Mon, 25 Jan 2021

U.S. agricultural futures rise

13 Jan 2021, 08:44 GMT+10

CHICAGO, Jan. 12 (Xinhua) -- Chicago Board of Trade (CBOT) agricultural futures rose across the board by large margins on Tuesday, led by corn.

The most active corn contract for March delivery soared 25 cents, or 5.08 percent, to settle at 5.1725 dollars per bushel. March wheat rose 30.25 cents, or 4.77 percent, to settle at 6.65 dollars per bushel. March soybean gained 45.75 cents, or 3.33 percent, to close at 14.1825 dollars per bushel.

CBOT agricultural futures rose on bullish U.S. Department of Agriculture (USDA) January Crop Reports, Chicago-based research company AgResource noted. Both U.S. 2020 corn and soybean yields fell farther than expected with the 2020 U.S. corn yield down 3.8 bushels per acre (BPA) for a production fall of 325 million bushels. The 2020 U.S. soybean yield fell another 0.5 BPA to 50.2 BPA for a production loss of 35 million bushels.

U.S. December 1st corn stocks came out close to last year's 11,322 million bushels, 320 million bushels below trade expectations and considered bullish.

The World Agricultural Supply and Demand Estimates (WASDE) report adjusted downward U.S. 2020-2021 corn export estimate by 100 million bushels to 2,550 million bushels.

The report cut Brazilian corn crop by one million metric tons to 109 million metric tons with the Argentine crop cut by 1.5 million metric tons to 47.5 million metric tons.

WASDE report lowered 2020-2021 soybean stocks to 140 million bushels. The loss of 35 million bushels of 2020 U.S. soybean production combined with a 5-million-bushel increase in crush and 30-million-bushel rise in U.S. soybean exports was offset by a 20-million-bushel gain in imports and 13-million-bushel cut in the residual.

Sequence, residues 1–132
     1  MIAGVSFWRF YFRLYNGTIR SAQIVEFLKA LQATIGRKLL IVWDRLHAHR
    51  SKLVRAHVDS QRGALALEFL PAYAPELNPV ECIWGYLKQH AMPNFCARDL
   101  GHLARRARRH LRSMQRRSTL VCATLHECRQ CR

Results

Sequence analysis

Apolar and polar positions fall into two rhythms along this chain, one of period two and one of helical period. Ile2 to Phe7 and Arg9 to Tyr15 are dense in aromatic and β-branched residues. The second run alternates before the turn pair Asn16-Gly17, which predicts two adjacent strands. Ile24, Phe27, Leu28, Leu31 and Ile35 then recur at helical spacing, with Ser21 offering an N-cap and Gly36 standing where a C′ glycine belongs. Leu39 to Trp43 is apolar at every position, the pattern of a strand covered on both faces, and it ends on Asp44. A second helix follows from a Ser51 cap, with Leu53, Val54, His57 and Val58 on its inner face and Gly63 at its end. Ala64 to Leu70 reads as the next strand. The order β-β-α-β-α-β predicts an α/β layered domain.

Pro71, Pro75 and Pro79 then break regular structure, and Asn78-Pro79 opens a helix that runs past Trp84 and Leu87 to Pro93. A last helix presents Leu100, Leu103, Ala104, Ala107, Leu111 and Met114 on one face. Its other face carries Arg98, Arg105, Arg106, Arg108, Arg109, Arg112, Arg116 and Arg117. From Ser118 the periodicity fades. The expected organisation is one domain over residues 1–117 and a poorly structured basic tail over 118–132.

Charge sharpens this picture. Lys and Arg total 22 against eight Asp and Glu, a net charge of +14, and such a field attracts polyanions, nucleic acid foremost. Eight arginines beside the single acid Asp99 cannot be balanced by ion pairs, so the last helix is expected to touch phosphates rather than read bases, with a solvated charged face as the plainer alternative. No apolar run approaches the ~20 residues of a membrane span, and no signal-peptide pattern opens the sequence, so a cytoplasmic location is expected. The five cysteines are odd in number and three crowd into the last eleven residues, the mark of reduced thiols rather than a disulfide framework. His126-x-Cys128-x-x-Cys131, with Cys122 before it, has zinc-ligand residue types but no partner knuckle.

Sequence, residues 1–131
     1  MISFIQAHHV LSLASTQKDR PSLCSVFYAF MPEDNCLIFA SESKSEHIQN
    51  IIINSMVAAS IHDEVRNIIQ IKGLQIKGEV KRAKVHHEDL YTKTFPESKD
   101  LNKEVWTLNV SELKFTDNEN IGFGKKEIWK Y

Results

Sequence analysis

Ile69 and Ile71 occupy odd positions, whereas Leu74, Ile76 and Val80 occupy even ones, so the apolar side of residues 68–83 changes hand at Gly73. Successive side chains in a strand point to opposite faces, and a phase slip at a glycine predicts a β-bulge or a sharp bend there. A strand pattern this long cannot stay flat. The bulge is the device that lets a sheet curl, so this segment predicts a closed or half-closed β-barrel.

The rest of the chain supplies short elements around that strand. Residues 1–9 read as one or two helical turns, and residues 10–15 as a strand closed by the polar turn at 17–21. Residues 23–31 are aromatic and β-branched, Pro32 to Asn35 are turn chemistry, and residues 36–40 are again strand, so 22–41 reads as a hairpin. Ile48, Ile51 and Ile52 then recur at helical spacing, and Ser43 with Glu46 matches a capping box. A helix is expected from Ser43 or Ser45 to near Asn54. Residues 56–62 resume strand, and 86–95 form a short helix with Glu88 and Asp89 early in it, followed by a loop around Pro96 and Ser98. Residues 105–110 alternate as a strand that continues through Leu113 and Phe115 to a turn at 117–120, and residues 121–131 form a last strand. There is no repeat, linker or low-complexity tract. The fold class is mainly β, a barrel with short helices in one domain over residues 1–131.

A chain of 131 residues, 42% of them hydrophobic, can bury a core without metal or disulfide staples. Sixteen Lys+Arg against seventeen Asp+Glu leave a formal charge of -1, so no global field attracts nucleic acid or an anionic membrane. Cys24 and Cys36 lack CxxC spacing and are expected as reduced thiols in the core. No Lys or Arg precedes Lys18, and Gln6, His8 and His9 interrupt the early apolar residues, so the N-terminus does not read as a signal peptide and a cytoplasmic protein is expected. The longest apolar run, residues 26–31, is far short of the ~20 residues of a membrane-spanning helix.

WASDE report left Brazilian soybean crop estimate unchanged at 133 million metric tons.

WASDE report forecast 2020-2021 U.S. wheat end stocks at 836 million bushels, a decline of 26 million bushels.

The report trimmed 2020-2021 world wheat stocks by 3.3 million metric tons to 313.2 million metric tons. The key for wheat prices going forward is Russia and the potential for a hike in its export duty that could last into the new crop year, AgResource noted.

AgResource holds that U.S. corn and soybean demand rationing will become more acute in the weeks ahead. The market's sensitivity to China buying of U.S. corn and soybean will be increasing. AgResource remains bullish with a CBOT downtrend unlikely until Northern Hemisphere crops are seeded in May/June.

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